While the cost of some conventions can be exorbitant, often you can find conventions that offer a free ticket to children 12 and under. If not, children are often discounted. We save money monthly, and sometimes have yardsales and sell things we have made in order to save money for conventions. One-day and local conventions tend to be cheaper, with tickets ranging from $5-$15 per person.

While there are a million things to buy, I tend to just allow for $5-$10 spending money per child, bring granola bars, and drink water. Quite a few conventions also have what is called a ‘hospitality’ room, where cosplayers can find water and snacks!

As far as the cost of costuming, there are so many ways to get around purchasing expensive supplies. We use foam for building armor, dollar store clasps for attaching things, and purchase makeup from after Halloween sales at 90% off. Thrift stores are definitely one of our biggest resources.

Learning the skills to make things look like what they are not (foam to wood or leather, for example) is where the art is, which is part of the challenge! Most of our costumes cost us less than $20 to make, though the time involved is always the trade off.

Expect to spend countless hours with your kids teaching them how to hot glue, paint and sew! We also add a little bit each month to our costumes, so if they do end up costing more, we can always spend it a bit at a time. Costumes can take months to finish, working only minutes a week sometimes, so you can stretch the cost out, for sure.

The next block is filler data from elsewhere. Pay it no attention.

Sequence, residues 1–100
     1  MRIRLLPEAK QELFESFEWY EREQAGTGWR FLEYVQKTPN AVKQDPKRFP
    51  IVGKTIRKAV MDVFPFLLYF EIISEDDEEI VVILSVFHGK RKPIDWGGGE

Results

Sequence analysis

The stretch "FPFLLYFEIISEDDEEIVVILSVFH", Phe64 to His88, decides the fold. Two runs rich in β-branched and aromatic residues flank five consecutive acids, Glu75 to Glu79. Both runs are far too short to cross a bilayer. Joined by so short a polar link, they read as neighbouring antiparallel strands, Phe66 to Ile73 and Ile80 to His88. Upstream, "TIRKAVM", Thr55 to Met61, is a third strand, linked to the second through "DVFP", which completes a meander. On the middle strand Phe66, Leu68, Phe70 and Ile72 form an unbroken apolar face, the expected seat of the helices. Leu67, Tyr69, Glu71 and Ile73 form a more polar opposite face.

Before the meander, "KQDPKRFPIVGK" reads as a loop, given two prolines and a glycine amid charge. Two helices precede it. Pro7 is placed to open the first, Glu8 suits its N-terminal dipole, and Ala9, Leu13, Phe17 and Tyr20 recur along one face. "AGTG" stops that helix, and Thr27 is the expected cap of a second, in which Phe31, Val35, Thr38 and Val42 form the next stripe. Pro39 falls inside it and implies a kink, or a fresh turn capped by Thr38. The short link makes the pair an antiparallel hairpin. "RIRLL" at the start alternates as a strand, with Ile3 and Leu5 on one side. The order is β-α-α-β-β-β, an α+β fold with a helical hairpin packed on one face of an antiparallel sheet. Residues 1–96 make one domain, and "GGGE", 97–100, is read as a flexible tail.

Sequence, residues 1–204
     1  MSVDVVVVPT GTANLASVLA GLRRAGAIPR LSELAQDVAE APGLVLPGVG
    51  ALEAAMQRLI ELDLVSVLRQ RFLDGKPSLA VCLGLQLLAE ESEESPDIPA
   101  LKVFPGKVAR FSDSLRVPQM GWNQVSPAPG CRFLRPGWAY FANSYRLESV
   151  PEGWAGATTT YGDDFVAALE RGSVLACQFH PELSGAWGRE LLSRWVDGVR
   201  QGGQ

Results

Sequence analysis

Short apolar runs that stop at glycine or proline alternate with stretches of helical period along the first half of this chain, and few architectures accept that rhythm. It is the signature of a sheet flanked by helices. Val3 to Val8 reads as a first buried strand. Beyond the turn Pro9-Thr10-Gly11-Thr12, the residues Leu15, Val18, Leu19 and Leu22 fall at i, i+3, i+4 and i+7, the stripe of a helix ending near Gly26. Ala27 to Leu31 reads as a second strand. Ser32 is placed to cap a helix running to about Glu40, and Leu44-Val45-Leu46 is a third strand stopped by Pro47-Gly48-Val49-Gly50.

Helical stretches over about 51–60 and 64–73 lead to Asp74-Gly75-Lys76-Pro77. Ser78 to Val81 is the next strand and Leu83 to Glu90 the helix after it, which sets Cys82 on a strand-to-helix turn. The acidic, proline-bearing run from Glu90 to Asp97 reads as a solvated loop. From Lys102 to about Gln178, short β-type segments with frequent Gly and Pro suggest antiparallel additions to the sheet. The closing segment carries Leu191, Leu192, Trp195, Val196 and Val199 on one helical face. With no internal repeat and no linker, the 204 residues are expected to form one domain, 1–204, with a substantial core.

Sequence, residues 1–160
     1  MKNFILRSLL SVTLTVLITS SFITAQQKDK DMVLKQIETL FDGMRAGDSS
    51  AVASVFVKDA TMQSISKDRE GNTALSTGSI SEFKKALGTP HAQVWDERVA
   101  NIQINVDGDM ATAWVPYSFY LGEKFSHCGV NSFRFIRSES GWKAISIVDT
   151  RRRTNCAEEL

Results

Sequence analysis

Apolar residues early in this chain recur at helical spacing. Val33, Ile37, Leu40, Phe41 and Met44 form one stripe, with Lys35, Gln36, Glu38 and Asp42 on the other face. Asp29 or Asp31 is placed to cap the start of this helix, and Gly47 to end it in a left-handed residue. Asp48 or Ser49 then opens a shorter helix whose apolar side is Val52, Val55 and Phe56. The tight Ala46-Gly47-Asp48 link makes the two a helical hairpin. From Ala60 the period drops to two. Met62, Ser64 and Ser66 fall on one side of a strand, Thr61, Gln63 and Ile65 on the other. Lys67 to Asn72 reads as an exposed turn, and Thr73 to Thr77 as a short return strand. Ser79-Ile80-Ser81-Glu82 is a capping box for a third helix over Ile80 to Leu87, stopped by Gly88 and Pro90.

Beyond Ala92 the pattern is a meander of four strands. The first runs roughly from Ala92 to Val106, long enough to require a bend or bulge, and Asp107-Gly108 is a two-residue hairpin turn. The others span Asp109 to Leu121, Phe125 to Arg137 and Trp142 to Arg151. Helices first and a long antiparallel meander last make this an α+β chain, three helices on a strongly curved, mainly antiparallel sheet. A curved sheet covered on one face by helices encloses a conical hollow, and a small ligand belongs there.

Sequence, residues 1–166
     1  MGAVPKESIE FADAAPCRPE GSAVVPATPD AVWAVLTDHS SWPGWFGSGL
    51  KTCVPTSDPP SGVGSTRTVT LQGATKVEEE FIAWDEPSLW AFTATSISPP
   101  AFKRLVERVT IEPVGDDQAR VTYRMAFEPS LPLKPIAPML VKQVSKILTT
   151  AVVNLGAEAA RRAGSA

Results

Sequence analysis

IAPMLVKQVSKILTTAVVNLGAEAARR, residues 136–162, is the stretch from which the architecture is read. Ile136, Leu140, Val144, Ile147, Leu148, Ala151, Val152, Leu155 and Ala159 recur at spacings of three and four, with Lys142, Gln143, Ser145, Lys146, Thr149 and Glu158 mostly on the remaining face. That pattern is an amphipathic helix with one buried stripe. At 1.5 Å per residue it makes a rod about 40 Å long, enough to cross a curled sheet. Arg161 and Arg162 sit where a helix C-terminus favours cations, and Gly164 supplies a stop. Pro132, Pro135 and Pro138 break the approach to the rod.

6. “What can cosplay do for us?”

I am amazed at the skills we learn with each new project. From using a Dremel, to sanding, building with wood and plastic, and sewing, my son is slowly but surely building his confidence, learning to use his hands, and maybe even eventually preparing himself for future endeavors.

Mostly, though, I like to see him communicate with people much older than himself, adults and teens alike, about things like video games, artists, technology, and computers. My son constantly amazes me with how he can sit down and hold a very well-versed conversation with others about things for which he is developing a passion.

Self-confidence, vocabulary, and the ability to communicate and debate are allowing my son to learn to spread his wings, and I’m right here to watch!

7. “Where can I go to learn more?”

I’m glad you asked. I’ll be writing several cosplay related features over the next few months. Everything from how fan conventions work to how to get started in Pepakura.

If you have specific questions, please feel free to write them in the comments. I’ll be monitoring questions and adding them to the articles.

Cosplay is an amazing outlet, especially for that awkward tween/teen time when self-esteem can be tied up in so many things. By supporting your child in their desire to express themselves this way, you’ll experience so many amazing and cool things about them. I really hope that through this series I can help at least one child or one parent who wants to help their children to jump into this cool and nerdy/geeky new realm!